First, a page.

“We need Judge Dredd!” cry various corners of social media networks every time there is any kind of civil unrest in the UK or US, missing the point entirely. Meanwhile, the police in America increasingly come to resemble their colleagues in the armed forces (we have spoken to cops at US comic conventions who have – without irony – cited Dredd as a role model, an “if only” fantasy of what professional life would be like without encumbrance) with one department bedecking its squad cars with decals of the symbol of Marvel’s violent vigilante The Punisher, a character whose actions and intentions are even more poorly understood than Dredd’s. In response to a public that sees itself sitting on a precipice and distrusts facts that tell them they’re safer than ever, harder, harsher, stronger policing is demanded.

Everywhere, chaos calls for order.

From rising crime rates to fifth column terrorists, with a “telling it as it is” common sense and a knowing nod-and-a-wink President Trump would have you believe that the world is an even scarier place than you imagine. Everything is in crisis but we can be safe, if only we give up some small, trifling, troublesome rules. Rules that only the guilty hide behind. If only we believe in him then he can protect us.

Trust in the Judges, citizen.

Perhaps it can be easy to miss the point to Judge Dredd. It all seems so ridiculous, so far-fetched, so fantastical! A distracted society bored with democracy? An entire nation’s future decided on a single, irreversible vote? An America willingly giving up its freedoms in return for right-wing authoritarian rule? Who could imagine such things?

He may have been created in what feels like another age, but Judge Dredd always was – and remains still – a terrible warning from the future.

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“There’s not a publisher in the world that’s a marketing company.”

The Creative Penn has published an interesting piece about the views of author Gary Vaynerchuk on the way authors should be marketing themselves, and one quote caught my eye:

he never even considered marketing to be the publisher’s job, that’s just not part of their relationship. His tone of voice suggested that he was kind of incredulous that anyone would consider publisher’s should do any marketing.

As the PR guy for four different imprints (one comics, one SF/fantasy/horror, one shared world SF/fantasy/post-apocalyptic, one YA) I do my absolute best to try and cover all of these angles, to get the book out there to bloggers and push every title members of the mainstream media, as well as alerting loyal Solarites, Abaddonites, Raveonstoners (?), and Earthlets (long story) – but that’s a LOT of ground to cover. It’s a hard slog sometimes but in such a war it’s always best to have allies. But the best ally I can have? Authors that have created and cultivated an audience – and in these days of online engagement that’s worth its weight in gold.

I’d draw your attention to Solaris past masters Lou Morgan and Gareth L. Powell, both of whom created and built their audience in slightly different ways. For Lou, she built hers by blogging, by being a member of the wider SFF community, by getting involved, by talking to people about the process and struggles of becoming a writer; thereby making a personal connection with her readers. Gareth did exactly the same things but when his new book for Solaris, Ack-Ack Macaque, featured a singular simian protagonist he created a fantastic personality on Twitter that interacted with its community and sold the book (after the success of the first book, #2 is out next month and he’s currently working on #3). Two different approaches, same outcome – an audience eager for more.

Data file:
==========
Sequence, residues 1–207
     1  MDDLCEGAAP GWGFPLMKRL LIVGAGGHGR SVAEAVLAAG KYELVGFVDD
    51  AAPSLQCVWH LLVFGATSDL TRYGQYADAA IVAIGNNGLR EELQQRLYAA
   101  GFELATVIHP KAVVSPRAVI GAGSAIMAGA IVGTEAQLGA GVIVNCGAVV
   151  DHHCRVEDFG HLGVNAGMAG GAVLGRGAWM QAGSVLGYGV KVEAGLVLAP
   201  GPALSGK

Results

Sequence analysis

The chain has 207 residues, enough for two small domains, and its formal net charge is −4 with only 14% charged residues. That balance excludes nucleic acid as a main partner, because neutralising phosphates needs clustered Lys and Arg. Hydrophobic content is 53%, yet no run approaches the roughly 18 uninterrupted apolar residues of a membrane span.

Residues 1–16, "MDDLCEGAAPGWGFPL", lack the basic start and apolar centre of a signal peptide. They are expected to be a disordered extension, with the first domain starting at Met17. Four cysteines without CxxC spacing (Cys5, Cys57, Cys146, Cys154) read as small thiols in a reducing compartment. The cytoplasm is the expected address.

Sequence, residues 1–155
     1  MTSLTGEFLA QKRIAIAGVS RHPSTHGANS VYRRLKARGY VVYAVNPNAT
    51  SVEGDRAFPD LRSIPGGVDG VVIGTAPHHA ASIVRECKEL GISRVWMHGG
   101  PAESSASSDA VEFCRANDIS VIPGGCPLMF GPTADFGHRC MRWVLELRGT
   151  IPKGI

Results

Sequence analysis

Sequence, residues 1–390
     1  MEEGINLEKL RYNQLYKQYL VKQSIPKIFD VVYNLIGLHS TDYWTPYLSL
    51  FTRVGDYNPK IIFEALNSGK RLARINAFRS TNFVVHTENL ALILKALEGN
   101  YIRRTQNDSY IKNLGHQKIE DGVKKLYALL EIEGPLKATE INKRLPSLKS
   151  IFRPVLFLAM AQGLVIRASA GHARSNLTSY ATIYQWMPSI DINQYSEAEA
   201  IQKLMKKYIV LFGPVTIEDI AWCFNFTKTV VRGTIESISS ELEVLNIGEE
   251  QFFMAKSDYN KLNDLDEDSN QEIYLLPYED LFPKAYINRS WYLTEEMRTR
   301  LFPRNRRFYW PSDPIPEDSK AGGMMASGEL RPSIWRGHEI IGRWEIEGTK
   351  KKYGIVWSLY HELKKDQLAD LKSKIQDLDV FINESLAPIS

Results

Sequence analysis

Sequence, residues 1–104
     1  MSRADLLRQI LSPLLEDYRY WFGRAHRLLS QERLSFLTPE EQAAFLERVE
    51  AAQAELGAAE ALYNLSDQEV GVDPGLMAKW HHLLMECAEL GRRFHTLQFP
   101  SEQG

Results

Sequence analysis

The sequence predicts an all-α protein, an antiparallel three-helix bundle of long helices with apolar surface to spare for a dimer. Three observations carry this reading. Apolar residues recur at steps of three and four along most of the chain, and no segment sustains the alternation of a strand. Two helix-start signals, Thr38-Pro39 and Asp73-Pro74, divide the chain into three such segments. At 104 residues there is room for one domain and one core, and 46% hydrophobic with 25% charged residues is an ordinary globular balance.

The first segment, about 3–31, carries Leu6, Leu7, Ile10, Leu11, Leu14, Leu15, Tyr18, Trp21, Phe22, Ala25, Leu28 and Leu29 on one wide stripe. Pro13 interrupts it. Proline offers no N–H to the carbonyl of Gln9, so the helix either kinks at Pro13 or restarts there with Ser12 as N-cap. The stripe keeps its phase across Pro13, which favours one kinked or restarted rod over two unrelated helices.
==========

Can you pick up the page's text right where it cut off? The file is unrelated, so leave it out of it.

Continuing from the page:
Yeah, in any genre you shouldn’t rely on a publisher to be the be-all-and-end-all of marketing; but I prefer to think of it as a team effort – from the writer to the PR guy to the editor to the publisher, we all have an interest in making great books. And readers only discover a great book if you tell them about it.

I interviewed Will Simpson, the guy who makes Game of Thrones look all pretty…

MEG 342 COVEROn shelves both physical and digital this week is issue 342 of the Judge Dredd Megazine, which contains my chunky interview with artist Will Simpson.

Will is best known to 2000 AD fans as the artist on Judge Dredd and War Machine, Dave Gibbons’ reboot of Rogue Trooper in the late ’80s/early ’90s. But since then he’s made a name for himself in movies and is now the concept designer/storyboarder for HBO’s adaptation of George RR Martin’s A Song of Fire and Ice. Which you may have heard of.

Here’s an extract:

‘Aw man, this is just my favourite space at the moment. I was asked to do some concept work way, way back at the beginning to help HBO make decisions about coming over here. Our producer Mark Huffam had got me in to do some work with the production designer.

‘So I’d worked on that stuff and gone on to work on Your Highness, not knowing we were going to get Game of Thrones, then Mark told me we’d got it. When the pilot was happening the beautiful thing for me was I got to design all the main weaponry the heroes were using, the big swords like Ice and Needle and Long Claw and Wolfhead, all of these things I got to design for the show. Also other incidental things like big carriages and some of the concept stuff about what the world might be like.

‘Then I did the storyboards for it – there was a whole completist approach to that which then carried itself into the first season where it was a bigger art team, I did less conceptual work but I did the designs for the White Walkers, probably one of the first paintings of the Godwood Tree, so there were all of things that had an influence on look of the show.

‘I’m really pleased about all of that, that’s a really cool position to be in.

There’s a lot more to the interview than just that – it also includes when Will made a fateful decision that included Ryvita and the time he was nearly blown up by the IRA.

Also in this issue is some fabulous work by Arthur Wyatt, Henry Flint, Rob Williams, D’Israeli, Alec Worley, Ben Willsher, Dan Abnett, and Colin MacNeil. Is good. Is nice. You should buy, yes?

Let go

You should learn to let go of things.